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  1. John, King of England - Wikipedia

    en.wikipedia.org › wiki › John,_King_of_England

    4 days ago · John (24 December 1166 – 19 October 1216) was King of England from 1199 until his death in 1216. He lost the Duchy of Normandy and most of his other French lands to King Philip II of France, resulting in the collapse of the Angevin Empire and contributing to the subsequent growth in power of the French Capetian dynasty during the 13th century.

  2. John of England - Simple English Wikipedia, the free encyclopedia

    simple.wikipedia.org › wiki › John_of_England

    5 days ago · King John (24 December 1166 – 19 October 1216) was the son of Henry II of England and Eleanor of Aquitaine. He was King of England from 6 April 1199, until his death. He became King of England after the death of his brother Richard I (Richard the Lionheart). His reign was marked by disputes between John and his barons and bishops.

  3. John II of France - Wikipedia

    en.wikipedia.org › wiki › John_II_of_France

    5 days ago · John II (French: Jean II; 26 April 1319 – 8 April 1364), called John the Good (French: Jean le Bon), was King of France from 1350 until his death. When he came to power, France faced several disasters: the Black Death, which killed nearly half of its population; popular revolts known as Jacqueries; free companies (Grandes Compagnies) of routiers who plundered the country; and English ...

  4. History of the English line of succession - Wikipedia

    en.wikipedia.org › wiki › History_of_the_English

    Apr 30, 2021 · However, since Arthur had sided with Philip II of France, Richard's enemy, Richard named his younger brother John as his heir, and he became king. John [ edit ] John died, on 19 October 1216, in the midst of conflict against his barons; most of them had already recognized Prince Louis of France as king.

  5. Charles II of England - Wikipedia

    en.wikipedia.org › wiki › Charles_II_of_England

    20 hours ago · Charles II (29 May 1630 – 6 February 1685) was King of Scotland from 1649 until 1651, and King of Scotland, England and Ireland from the 1660 Restoration of the monarchy until his death in 1685. Charles II was the eldest surviving child of Charles I of England, Scotland and Ireland and Henrietta Maria of France .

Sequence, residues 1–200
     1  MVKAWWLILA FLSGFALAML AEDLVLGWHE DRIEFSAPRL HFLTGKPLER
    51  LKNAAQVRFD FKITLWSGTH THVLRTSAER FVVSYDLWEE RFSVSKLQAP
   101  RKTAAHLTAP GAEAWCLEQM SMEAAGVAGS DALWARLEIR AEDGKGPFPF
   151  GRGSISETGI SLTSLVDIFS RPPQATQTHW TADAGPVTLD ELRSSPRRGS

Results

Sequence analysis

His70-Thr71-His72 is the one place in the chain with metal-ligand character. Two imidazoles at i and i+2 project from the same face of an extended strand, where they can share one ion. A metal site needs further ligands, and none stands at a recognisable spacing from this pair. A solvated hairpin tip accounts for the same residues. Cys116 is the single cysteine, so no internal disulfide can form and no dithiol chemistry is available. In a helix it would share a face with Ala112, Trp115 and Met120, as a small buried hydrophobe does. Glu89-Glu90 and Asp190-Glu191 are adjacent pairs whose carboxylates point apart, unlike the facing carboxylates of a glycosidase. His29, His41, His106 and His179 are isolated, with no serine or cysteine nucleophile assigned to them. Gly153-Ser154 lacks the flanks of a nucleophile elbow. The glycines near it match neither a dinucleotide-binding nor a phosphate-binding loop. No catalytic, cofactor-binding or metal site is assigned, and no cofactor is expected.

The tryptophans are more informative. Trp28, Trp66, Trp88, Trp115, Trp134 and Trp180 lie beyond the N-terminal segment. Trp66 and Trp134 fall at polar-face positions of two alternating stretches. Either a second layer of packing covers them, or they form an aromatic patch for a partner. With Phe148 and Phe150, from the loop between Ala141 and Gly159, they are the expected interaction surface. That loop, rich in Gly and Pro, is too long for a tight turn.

6. John Balliol - Wikipedia

    en.wikipedia.org › wiki › John_of_Scotland

    6 days ago · John died in late 1314 at his family's château at Hélicourt in France. On 4 January 1315, King Edward II of England, writing to King Louis X of France, said that he had heard of the death of 'Sir John de Balliol' and requested the fealty and homage of Edward Balliol to be given by proxy.

  7. List of English monarchs - Simple English Wikipedia, the free ...

    simple.wikipedia.org › wiki › List_of_English_monarchs

    May 05, 2021 · James II (1685–1688) (deposed, died 1701), also King James VII of Scotland William III (1689–1702) and Mary II (1689–1694), as co-monarchs, also King and Queen of Scotland Anne (1702–1714), though the English throne was replaced with that of the Kingdom of Great Britain in 1707

  8. Arthur I, Duke of Brittany - Wikipedia

    en.wikipedia.org › wiki › Arthur_I,_Duke_of_Brittany

    May 01, 2021 · The Treaty of Le Goulet was signed by the kings John of England and Philip II of France in May 1200 and meant to settle once and for all the claims the Norman kings of England had as Norman dukes on French lands, including, at least for a time, Brittany.

  9. Alexander II of Scotland - Wikipedia

    en.wikipedia.org › wiki › Alexander_II_of_Scotland

    Apr 28, 2021 · Early life. He was born at Haddington, East Lothian, the only son of the Scottish king William the Lion and Ermengarde of Beaumont.He spent time in England (John of England knighted him at Clerkenwell Priory in 1213) before succeeding to the kingdom on the death of his father on 4 December 1214, being crowned at Scone on 6 December the same year.

  10. Jersey: How a tiny island has played an outsized role in ...

    www.euronews.com › 2021/05/06 › jersey-how-a-tiny

    May 06, 2021 · In 1649, Charles II was proclaimed King of England in St Helier’s Royal Square. Charles II’s son, James, later granted the island’s governor, George De Carteret, a vast tract of land in ...

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